The defeat suffered by the Democratic Party in the US mid-term elections (November 2, 2010) stemmed from the disappointment caused by President Obama’s failure to ensure recovery from the deep economic crisis in which it has been embroiled since 2008. The grim economic figures (especially in terms of unemployment and national debt), the dearth of foreign policy achievements and the rise of China, India and other powers all highlight the question whether we are in the midst of a transformation in the US’s (and the West in general) international standing. This question is crucial for Israel and the Jewish people. The unprecedented thriving of the Jewish people in recent decades is significantly correlated with the US, both as home to nearly half of the Jewish people, and as a supportive strategic partner to Israel. Any crack in the US position in the international arena therefore holds dangerous implications for the robustness of Israel and the Jewish people.
The Chinese and Indian economies continue to grow and are leading the process of recovery from the global economic crisis.
The ongoing economic crisis supports the school of thought that argues that the US is on a course of historic decline. Proponents of this approach argue that the uni-polar moment that characterized the period immediately following the collapse of the
USSR and the end of the Cold War has ended, and that the geopolitical arena is consolidating into a new, multi-polar world order. (Some even suggest that
until a new and functioning world order is consolidated, the international system will be marked by disorder, making the challenges of the times – which require increased international cooperation – even more difficult to cope with.) According to this view, the economic crisis, the worst in the last 75 years, is a severe blow to the geopolitical power of the West and causes the continued shift of economic might to the East, at the expense of the US and Europe. The economic crisis has exacerbated in Europe trends that undermine the very concept of the European Union and raises doubts regarding the future of the Euro as a viable common currency. The appointment of lackluster figures to EU leadership positions (November 19, 2009) indicates the corrosion in Brussels’ position and the increase in nationalist trends, which are blossoming also in response to the growing aversion to the swelling ranks of Muslim immigrants on the Continent.
The Chinese and Indian economies continue to grow and are leading the process of recovery from the global economic crisis (adding a powerful rationale for Israel and the Jewish people to strengthen their ties with the Asian world). In this view, the global center of gravity is slipping farther away from the US, who is going to lack the necessary resources to demonstrate a globe-encompassing strategic activity. Data shows that already by 2015, the US’s total debt will equal its GNP (whereas a decade ago the average national debt/GNP ratio was 35%). The harsh national debt figures indicate not only the bleak situation of the American economy but also the severe constraints on Washington’s ability to act in the international arena. The effort to reduce the debt may leave its mark on a wide range of areas: from avoiding any new wars to cuts in the foreign aid budget (which could affect Israel, which is at the top of the list of aid beneficiaries).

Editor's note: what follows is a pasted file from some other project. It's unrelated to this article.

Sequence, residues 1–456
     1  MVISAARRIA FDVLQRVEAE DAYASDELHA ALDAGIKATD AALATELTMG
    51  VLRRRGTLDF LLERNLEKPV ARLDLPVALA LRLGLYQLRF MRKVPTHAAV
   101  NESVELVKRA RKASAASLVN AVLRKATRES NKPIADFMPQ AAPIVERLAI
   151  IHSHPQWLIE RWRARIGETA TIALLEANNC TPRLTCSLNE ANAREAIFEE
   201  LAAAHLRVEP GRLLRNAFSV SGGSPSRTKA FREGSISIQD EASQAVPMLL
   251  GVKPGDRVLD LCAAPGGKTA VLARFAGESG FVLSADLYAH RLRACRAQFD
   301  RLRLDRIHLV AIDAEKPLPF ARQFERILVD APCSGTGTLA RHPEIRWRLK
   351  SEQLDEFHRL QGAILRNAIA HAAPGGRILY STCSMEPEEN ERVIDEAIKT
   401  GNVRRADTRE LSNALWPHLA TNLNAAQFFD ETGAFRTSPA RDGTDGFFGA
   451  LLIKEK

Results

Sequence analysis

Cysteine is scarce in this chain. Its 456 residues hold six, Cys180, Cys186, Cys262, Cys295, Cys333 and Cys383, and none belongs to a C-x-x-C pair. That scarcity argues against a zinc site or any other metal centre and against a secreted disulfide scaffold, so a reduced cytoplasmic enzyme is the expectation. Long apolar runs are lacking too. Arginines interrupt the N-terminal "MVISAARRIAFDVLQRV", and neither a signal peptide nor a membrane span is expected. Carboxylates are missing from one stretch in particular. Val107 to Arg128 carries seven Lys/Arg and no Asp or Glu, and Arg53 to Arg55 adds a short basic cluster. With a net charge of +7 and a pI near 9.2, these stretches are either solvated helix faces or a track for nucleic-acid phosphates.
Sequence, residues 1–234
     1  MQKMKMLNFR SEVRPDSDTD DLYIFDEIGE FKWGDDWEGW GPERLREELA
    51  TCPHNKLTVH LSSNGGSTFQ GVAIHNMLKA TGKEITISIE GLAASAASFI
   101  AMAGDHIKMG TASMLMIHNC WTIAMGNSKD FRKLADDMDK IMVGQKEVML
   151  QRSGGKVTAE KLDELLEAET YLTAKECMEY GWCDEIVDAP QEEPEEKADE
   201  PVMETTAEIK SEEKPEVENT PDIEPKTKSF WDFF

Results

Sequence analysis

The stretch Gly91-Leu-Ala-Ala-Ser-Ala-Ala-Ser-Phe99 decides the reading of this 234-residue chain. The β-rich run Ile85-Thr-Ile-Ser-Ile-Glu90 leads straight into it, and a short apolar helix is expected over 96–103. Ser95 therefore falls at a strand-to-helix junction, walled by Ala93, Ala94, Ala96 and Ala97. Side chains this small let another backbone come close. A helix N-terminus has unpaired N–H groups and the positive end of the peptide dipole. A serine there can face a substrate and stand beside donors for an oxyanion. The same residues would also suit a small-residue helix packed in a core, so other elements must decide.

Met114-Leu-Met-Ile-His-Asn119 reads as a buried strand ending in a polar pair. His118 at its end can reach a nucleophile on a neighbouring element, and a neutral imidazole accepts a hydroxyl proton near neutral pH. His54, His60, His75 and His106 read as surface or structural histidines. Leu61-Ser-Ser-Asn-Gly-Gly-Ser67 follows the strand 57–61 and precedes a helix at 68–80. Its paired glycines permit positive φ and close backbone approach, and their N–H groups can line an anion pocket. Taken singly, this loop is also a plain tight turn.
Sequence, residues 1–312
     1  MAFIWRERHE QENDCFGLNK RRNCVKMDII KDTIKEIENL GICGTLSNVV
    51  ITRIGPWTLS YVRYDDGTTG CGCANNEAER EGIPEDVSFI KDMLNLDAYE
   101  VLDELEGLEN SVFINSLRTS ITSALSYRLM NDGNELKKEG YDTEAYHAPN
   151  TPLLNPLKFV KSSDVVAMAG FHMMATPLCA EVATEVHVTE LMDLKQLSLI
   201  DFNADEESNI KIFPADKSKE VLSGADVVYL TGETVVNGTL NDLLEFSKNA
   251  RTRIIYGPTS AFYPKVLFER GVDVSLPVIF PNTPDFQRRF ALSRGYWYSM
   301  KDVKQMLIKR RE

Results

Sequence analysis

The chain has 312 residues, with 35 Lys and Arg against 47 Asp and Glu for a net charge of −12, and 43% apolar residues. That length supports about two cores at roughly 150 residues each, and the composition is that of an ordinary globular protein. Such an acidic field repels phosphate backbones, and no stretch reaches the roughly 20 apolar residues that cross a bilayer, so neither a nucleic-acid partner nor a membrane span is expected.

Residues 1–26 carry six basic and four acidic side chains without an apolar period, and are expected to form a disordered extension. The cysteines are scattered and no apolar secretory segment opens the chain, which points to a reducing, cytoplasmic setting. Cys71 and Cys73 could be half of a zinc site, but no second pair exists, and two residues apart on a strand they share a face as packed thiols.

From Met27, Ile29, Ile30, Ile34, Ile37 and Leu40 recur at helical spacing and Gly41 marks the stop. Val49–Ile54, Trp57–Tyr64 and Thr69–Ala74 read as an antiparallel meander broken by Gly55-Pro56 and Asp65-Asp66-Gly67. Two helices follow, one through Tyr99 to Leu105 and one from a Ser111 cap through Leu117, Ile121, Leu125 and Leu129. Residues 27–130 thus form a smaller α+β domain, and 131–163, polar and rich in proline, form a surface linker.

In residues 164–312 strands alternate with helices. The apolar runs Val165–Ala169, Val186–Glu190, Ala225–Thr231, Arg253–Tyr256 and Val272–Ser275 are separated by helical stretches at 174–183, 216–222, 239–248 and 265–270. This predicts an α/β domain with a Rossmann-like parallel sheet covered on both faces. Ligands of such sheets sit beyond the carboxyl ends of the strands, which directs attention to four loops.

The “American Decline” school has its opponents, of course, who argue that the basic variables that dictate the power equation in the geopolitical arena (demography, geography, science, technology, natural resources, culture, education, etc.) have not changed significantly as a result of the economic crisis, and that it is too early to eulogize US centrality. The candidates to replace the US as world leader or at least to become part of the world’s leadership are not equipped with an ideology that can compete with the appeal of the American ethos and culture; they are far from eager to claim world leadership; and they are deeply immersed in their internal problems (authoritarian China may soon face increasing demands by its growing middle classes for representation and democratization; India is still poverty ridden, with 400 million citizens still living without electricity).
The mid-term defeat raises the question whether President Obama’s desire to focus efforts on foreign policy in general and on the peace process in the Middle East in particular would increase or decrease in the coming years. The coming months should provide some answers, but it is still worthwhile to examine where the President is positioned after two years in office. Obama’s political defeat is not due to his functioning in the international arena, but to his incapability to provide achievements in the struggle against the economic crisis and unemployment. Obama succeeded where his predecessors have failed, and has managed to pass the Health Reform Bill (March 23, 2010), but here too, the bill has spawned controversy and severe criticism, citing misguided presidential priorities in a time when all resources should have been channeled to economic recovery and job creation. The image of a weakened president leading a weakened superpower is eating away at Obama’s ability to act successfully in the international arena. Upon his entry to the White House, and in declared contrast to his predecessor’s approach, Obama has introduced a foreign policy that in theory does not claim to impose US values on other countries, prefers dialog to belligerent